Congress on July 13 paved the way for the oil and gasindustry to use unmanned aircraft systems, also known as drones, to inspectproduction and pipeline systems.
In passing the Federal Aviation AdministrationReauthorization Act, the House and Senate approved a provision that allowsanyone to apply with the Federal Aviation Administration to operate drones forparticular purposes.
The bill, H.R. 636, singled out pipelines as one of the keykinds of infrastructure the provision is intended to cover, along with oil orgas production, refining, or processing. Under the provision, the drones couldbe used to inspect, repair, construct, maintain or protect systems, among otherthings. The House on July 11 approved amendments that the Senatemade to H.R. 636, but the House also made a few of its own changes. The Senateapproved these July 13.
The American Petroleum Institute welcomed the development. "Dronetechnology will complement the comprehensive safety practices that the industryhas in place to ensure that all Americans continue to enjoy the affordable,reliable fuels they depend on," Robin Rorick, the group's midstreamdirector, said in an emailed statement. "The ability to use drones willallow the industry to use the latest technologies to continue to effectivelymonitor infrastructure and facilities while minimizing the risk to personnel."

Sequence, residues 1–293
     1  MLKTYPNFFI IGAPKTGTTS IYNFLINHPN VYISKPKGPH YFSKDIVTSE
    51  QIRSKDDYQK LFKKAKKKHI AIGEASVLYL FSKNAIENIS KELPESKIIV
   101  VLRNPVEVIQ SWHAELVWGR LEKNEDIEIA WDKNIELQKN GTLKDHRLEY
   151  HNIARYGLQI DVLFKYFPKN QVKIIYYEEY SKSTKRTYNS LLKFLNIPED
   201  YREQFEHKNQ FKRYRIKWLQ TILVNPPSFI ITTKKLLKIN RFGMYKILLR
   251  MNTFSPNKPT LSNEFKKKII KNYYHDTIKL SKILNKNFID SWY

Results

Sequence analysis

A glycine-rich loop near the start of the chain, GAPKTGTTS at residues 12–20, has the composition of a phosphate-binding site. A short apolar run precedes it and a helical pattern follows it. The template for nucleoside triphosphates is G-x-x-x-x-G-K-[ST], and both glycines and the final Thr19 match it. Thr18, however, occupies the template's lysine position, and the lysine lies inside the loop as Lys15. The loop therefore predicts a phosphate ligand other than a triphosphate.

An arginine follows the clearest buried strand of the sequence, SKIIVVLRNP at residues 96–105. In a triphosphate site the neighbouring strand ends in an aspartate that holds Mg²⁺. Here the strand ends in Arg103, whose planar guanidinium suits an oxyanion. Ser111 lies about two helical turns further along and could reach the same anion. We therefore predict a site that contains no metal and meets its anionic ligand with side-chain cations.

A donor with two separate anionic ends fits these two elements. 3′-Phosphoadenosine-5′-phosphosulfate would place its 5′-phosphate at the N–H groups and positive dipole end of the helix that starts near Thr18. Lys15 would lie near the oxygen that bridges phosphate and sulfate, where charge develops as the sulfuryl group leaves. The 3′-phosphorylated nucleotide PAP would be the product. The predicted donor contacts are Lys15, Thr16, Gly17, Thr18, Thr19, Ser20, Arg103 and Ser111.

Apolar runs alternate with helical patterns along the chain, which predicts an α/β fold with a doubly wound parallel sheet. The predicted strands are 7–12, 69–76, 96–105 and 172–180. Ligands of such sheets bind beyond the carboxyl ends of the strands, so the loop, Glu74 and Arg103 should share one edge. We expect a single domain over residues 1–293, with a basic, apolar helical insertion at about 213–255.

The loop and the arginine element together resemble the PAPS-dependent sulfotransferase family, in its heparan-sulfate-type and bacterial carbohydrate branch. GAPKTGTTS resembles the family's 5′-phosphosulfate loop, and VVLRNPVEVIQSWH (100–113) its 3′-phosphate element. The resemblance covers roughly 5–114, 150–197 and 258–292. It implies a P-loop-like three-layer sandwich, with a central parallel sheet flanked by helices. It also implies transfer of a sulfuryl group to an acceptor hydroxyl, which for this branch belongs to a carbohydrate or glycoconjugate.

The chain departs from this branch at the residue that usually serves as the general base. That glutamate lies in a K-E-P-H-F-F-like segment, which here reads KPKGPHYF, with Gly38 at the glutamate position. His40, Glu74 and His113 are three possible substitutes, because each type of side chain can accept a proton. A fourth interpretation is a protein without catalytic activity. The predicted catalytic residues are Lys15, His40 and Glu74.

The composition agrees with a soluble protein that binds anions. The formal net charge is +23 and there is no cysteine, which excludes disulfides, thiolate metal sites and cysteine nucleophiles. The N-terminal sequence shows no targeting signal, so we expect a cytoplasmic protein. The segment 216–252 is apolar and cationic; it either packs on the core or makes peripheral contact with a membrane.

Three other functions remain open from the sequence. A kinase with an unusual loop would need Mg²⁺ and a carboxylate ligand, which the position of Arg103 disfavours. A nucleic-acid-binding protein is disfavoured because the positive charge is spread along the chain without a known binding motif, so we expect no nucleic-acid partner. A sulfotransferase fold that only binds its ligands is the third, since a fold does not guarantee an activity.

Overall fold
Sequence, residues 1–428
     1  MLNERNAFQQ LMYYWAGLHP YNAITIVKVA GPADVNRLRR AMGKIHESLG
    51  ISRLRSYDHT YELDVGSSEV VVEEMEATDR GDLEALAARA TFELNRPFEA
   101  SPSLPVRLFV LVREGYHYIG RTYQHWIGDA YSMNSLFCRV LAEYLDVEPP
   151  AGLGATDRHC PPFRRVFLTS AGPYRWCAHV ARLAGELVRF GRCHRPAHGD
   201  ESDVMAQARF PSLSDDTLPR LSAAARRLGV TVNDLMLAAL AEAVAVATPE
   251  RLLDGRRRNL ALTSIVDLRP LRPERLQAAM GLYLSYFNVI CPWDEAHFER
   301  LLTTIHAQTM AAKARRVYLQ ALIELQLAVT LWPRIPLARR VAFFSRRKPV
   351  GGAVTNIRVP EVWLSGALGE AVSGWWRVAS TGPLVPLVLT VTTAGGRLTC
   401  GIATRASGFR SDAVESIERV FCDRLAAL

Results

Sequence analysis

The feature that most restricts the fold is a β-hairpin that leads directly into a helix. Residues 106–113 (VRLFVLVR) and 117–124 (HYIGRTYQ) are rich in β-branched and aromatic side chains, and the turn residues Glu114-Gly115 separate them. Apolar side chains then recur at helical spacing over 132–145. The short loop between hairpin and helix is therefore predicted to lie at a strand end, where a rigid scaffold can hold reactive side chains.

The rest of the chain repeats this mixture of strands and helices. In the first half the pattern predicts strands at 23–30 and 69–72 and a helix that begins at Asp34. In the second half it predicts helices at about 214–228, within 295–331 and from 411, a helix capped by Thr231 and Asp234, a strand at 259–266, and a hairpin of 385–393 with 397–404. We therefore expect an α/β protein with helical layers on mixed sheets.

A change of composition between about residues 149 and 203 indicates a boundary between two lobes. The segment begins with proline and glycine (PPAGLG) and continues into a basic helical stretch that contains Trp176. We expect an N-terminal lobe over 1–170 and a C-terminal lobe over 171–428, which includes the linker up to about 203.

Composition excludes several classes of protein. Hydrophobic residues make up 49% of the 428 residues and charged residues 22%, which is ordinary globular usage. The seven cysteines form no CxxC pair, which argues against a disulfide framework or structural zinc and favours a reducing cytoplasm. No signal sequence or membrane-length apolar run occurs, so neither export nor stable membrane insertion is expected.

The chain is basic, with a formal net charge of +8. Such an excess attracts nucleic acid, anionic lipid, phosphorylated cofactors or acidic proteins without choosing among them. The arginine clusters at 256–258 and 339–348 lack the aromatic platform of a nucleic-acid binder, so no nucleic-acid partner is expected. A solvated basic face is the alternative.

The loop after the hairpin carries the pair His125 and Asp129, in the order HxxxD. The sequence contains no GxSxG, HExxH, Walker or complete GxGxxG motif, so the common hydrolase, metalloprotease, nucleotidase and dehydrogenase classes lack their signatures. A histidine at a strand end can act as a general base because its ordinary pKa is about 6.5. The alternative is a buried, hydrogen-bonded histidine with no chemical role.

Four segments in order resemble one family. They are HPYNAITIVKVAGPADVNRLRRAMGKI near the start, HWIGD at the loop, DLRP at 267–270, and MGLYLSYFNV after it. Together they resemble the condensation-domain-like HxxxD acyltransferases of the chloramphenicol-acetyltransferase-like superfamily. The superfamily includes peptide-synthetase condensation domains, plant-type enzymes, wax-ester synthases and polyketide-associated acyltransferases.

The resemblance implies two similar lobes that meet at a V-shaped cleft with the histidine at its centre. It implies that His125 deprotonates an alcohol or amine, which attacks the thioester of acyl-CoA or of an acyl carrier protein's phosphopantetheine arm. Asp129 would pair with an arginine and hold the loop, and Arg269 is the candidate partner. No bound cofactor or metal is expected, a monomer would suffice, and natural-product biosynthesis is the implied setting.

Some operators and industry observers have launched pilotprograms to evaluatehow useful drones might be. PG&ECorp. subsidiary PacificGas and Electric Co. in May announced a drone testing program forelectric and gas infrastructure inspections in inaccessible areas. Even in2013, pipeline operators, academics and drone manufacturers had begun examiningunmanned aircrafts' potential safety benefits for .
Outside the oil and gas industry, a couple of miningcompanies in 2015 got FAA exemptionsto begin using drones to assess facilities, too.